As required under controlling Ninth Circuit case law, the Court sets forth the terms of the Settlement Agreement, which are as follows:

1. The Settlement Class

The proposed Settlement Class is an opt-out class under Rule 23(b)(3) of the Federal Rules of Civil Procedure. The Settlement Class, which the Court certifies for the reasons set forth in Section IV, is defined as:

All Vision pilots and flight attendants who were crew members on flights to or from Iraq or Afghanistan between May 1, 2005 and July 31, 2012. Excluded from the Settlement Class are (a) Vision, its directors of flight operations, corporate officers and directors, and their immediate family members, and (b) any governmental entity.

2. The Settlement

The Settlement consists of a $1, 700, 000.00 Settlement Payment (the "Settlement Fund") to be distributed to the Class that operated the Air Bridge flights from July 6, 2010 through July 31, 2012. (#387-1, at 2). Vision will pay those funds on the thirty-fifth (35th) day after final approval of the Settlement by the Court. ( Id. ) Should Vision fail to do so, the payment will be made by International Bank of Commerce ("IBC") based on a letter of credit issued by IBC for the benefit of the Class. ( Id. at 3).

The Air Bridge Program was divided into four phases that correspond to the following time periods: (1) Phase I - June 2005 through April 30, 2006; (2) Phase II - May 1, 2006 through July 14, 2006; (3) Phase III - July 15, 2006 through July 31, 2007; and (4) Phase IV - August 1, 2007 through July 31, 2012. (#135, at 3). The Class previously collected and distributed the hazard pay obtained at trial that covered Air Bridge flights from May 1, 2006 through July 5, 2010. Accordingly, the Settlement Fund will be distributed to those Class members that operated Vision flights to and from Baghdad and Kabul from July 6, 2010 through July 31, 2012.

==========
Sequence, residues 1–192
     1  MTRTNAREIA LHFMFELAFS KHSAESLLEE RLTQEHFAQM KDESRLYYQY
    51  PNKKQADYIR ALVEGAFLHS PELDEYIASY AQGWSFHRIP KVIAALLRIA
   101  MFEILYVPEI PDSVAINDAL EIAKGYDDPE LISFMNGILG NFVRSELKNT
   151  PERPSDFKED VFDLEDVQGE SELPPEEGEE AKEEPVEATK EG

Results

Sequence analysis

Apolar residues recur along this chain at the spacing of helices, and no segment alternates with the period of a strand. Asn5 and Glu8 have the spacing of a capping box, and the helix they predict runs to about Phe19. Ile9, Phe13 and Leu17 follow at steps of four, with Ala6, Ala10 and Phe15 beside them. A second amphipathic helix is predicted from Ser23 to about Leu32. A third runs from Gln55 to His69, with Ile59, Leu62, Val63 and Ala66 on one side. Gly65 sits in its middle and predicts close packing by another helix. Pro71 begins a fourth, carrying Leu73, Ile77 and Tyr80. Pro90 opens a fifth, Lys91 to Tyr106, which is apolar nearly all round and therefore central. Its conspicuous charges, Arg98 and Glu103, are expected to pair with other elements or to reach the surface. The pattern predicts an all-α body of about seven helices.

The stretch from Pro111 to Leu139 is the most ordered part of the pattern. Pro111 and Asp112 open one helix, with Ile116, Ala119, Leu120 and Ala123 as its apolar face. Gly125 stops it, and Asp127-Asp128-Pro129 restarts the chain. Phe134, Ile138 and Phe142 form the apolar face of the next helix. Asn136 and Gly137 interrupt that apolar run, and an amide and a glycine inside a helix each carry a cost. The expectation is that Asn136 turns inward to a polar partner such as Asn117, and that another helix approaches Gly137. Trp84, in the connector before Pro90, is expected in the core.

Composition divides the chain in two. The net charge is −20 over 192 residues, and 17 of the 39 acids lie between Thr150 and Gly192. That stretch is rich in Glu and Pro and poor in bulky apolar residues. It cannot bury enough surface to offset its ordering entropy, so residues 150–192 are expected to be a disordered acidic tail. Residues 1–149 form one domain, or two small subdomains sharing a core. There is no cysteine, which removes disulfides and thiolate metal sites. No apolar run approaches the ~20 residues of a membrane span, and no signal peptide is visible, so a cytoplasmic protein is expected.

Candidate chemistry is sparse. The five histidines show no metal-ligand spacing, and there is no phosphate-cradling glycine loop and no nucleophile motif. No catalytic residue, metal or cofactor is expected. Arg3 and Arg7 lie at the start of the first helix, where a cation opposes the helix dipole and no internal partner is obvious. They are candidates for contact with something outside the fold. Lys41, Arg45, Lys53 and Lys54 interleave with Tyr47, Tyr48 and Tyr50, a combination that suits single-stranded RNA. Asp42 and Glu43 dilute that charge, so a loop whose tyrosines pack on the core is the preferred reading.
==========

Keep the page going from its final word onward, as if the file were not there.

The Class' expert, Barry Mukamal, determined that from July 6, 2010 through July 31, 2012, Vision billed for and received $1, 811, 251.00 in hazard pay, which Vision did not pay to the Class members. The upstream contractors paid Vision different hourly hazard pay amounts for its pilots and flight attendants that operated the flights from the various European cities into and out of the war zones in Baghdad and Kabul during the period of July 6, 2010 through July 31, 2012. Using Vision's payroll and flight records for the time period of July 6, 2010 through July 31, 2012, Mr. Mukamal will identify specifically which pilots and flight attendants flew from the various European cities into and out of the war zones in Baghdad and Kabul. Mr. Mukamal will determine each Class members' damages from July 6, 2010 through July 31, 2012 by multiplying each Class members' total number of hours flown from the European city into and out of the war zones of Baghdad and Kabul and back to the European city by the hourly hazard pay rate that Vision received for their benefit but did not pay to them. Once those amounts have been determined, Mr. Mukamal will adjust it by the appropriate pro-rata share based on the difference between the $1, 811, 251.00 judgment for hazard pay and the $1, 700, 000.00 Settlement Fund.